The Telegraph
Since 1st March, 1999
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‘Banter is part of our game’
- Australians know where to draw the line, claims Ponting

Sydney: Australia captain Ricky Ponting continued the fractious build-up to this week’s first Test against South Africa by saying he sees nothing wrong with players engaging in banter.

The International Cricket Council (ICC) warned players from both sides that they risked charges of misconduct if they continued the sledging that has dominated the build-up to the series.

The teams have been trading insults, with South Africa skipper Graeme Smith claiming Australia have lost their edge after the Ashes defeat and Shane Warne saying the tourists will need a psychologist after the series.

“Banter is part of our game and so far the build-up to this Test series looks like it is going to be pretty intense,” Ponting said in Perth on Tuesday.

“But it has just been some pretty light-hearted banter. I’m pretty comfortable with what’s happened so far in the press.”

Ponting said the build-up had certainly added extra spice to the series but added that the players were aware of the limits before the ICC warning.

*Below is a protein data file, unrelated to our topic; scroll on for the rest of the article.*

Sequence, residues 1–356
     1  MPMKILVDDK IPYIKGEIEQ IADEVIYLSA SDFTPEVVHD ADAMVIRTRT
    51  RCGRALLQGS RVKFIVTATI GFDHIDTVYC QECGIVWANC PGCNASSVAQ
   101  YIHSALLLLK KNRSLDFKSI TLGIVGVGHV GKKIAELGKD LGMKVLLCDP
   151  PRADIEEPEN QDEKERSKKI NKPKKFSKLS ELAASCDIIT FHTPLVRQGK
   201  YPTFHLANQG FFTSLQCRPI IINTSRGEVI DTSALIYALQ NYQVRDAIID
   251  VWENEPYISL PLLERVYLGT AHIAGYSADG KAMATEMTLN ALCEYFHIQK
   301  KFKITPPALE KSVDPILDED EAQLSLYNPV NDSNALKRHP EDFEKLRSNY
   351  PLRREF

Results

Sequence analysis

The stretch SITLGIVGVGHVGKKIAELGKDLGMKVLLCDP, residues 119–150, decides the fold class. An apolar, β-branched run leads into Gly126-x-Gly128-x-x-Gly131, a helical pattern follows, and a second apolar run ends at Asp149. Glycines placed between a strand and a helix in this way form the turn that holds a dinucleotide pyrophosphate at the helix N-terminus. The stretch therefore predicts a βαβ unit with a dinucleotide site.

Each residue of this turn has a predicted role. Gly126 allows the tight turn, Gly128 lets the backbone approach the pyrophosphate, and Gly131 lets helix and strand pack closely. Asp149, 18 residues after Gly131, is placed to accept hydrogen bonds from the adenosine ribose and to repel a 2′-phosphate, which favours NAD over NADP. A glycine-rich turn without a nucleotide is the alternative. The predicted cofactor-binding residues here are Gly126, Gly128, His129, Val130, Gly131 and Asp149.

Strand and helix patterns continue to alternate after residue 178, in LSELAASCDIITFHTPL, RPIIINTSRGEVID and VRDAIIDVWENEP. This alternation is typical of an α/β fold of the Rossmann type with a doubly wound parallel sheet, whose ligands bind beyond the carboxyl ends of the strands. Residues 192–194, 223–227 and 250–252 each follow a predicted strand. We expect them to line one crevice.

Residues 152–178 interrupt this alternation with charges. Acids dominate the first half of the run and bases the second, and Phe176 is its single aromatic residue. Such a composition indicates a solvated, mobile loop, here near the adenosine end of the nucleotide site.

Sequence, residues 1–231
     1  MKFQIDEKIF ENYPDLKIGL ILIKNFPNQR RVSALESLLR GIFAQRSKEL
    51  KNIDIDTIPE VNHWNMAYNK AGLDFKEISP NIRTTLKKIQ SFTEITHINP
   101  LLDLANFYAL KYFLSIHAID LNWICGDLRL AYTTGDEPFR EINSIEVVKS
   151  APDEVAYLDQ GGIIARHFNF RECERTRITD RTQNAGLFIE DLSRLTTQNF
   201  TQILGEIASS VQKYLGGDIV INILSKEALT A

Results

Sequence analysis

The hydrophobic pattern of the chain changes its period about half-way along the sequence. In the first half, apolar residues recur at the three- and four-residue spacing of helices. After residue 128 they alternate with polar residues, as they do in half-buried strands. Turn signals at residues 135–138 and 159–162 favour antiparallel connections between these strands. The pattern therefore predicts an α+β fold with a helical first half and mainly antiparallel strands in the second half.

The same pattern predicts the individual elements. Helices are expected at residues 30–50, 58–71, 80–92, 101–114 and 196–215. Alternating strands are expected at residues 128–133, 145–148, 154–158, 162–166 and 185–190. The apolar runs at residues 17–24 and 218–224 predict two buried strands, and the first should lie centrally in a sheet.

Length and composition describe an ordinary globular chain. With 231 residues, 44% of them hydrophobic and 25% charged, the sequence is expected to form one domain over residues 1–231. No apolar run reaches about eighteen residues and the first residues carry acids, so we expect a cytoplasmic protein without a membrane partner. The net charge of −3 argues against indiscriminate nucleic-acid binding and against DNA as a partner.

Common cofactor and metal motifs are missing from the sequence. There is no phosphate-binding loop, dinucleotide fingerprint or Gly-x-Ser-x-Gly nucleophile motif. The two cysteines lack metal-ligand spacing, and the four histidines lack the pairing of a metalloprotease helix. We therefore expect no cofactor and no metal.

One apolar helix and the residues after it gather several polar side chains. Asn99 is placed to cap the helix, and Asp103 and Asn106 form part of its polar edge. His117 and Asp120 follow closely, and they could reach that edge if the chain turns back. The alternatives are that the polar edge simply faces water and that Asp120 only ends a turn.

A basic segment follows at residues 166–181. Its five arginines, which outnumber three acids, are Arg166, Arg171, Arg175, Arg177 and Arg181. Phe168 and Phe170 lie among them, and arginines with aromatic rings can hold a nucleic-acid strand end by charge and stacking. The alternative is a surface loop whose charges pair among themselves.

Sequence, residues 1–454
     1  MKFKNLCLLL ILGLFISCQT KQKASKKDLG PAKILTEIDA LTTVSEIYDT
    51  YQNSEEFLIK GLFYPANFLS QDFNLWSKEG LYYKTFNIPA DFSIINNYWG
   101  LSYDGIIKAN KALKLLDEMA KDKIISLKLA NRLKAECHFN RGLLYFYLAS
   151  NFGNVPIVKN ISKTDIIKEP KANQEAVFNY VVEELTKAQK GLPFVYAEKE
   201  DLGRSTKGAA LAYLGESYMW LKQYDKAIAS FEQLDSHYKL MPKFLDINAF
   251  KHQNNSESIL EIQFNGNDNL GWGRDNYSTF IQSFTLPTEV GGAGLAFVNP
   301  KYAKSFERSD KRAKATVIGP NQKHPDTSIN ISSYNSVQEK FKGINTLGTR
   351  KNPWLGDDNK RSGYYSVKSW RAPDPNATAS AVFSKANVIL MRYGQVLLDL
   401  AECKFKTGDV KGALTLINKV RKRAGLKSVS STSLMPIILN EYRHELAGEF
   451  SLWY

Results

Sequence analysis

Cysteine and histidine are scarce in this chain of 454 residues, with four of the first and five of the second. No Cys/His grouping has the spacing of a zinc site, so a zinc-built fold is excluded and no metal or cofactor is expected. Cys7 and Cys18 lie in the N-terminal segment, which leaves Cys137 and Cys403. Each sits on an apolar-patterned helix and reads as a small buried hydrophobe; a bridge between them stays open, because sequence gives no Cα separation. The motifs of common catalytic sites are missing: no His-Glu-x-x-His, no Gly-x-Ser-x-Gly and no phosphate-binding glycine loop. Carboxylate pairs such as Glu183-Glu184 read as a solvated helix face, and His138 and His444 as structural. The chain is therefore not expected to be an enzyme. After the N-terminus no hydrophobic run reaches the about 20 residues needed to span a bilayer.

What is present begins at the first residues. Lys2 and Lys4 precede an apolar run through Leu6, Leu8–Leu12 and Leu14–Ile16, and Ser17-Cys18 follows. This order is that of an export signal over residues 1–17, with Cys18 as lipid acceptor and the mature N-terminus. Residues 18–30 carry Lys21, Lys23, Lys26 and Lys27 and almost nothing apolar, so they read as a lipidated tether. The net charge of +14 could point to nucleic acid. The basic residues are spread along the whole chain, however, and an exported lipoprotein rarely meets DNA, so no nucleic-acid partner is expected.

“Our on-field record speaks for itself over the last couple of years and we’ll make sure when we go into the game on Friday that we’re upholding the spirit of the game as best as we possibly can,” Ponting said.

“All the Australian players certainly know where the line in the sand is drawn and as long as no one’s outside of that we should be fine.”

The ICC’s warning drew sharp rebukes in Australia with media commentators and former players criticising the sport’s world governing body.

Former Australia fast bowlers Jeff Thomson and Terry Alderman said the ICC was being distracted by minor matters while ignoring bigger issues.

“They do nothing about blokes chucking, they do nothing about all this other stuff, they are more worried about words,” Thomson told an Australian newspaper.

Alderman disagrees with the ICC’s threats to players.

“They are putting the cart before the horse, they are almost saying there is going to be problems because of what has been written and said by players,” Alderman said.

“Well that’s ridiculous. Let the game be, for goodness sake.”

The newspaper’s chief cricket writer Malcolm Conn described the ICC’s actions as hypocritical.

“How can the game’s governing body possibly complain about what is essential promotion of the game when it is standing idly by as Test countries self destruct'” he said.

“By failing to act on the Zimbabwe crisis and allowing Bangladesh to continue competing at Test level, the ICC is sponsoring the free fall of international playing standards.”

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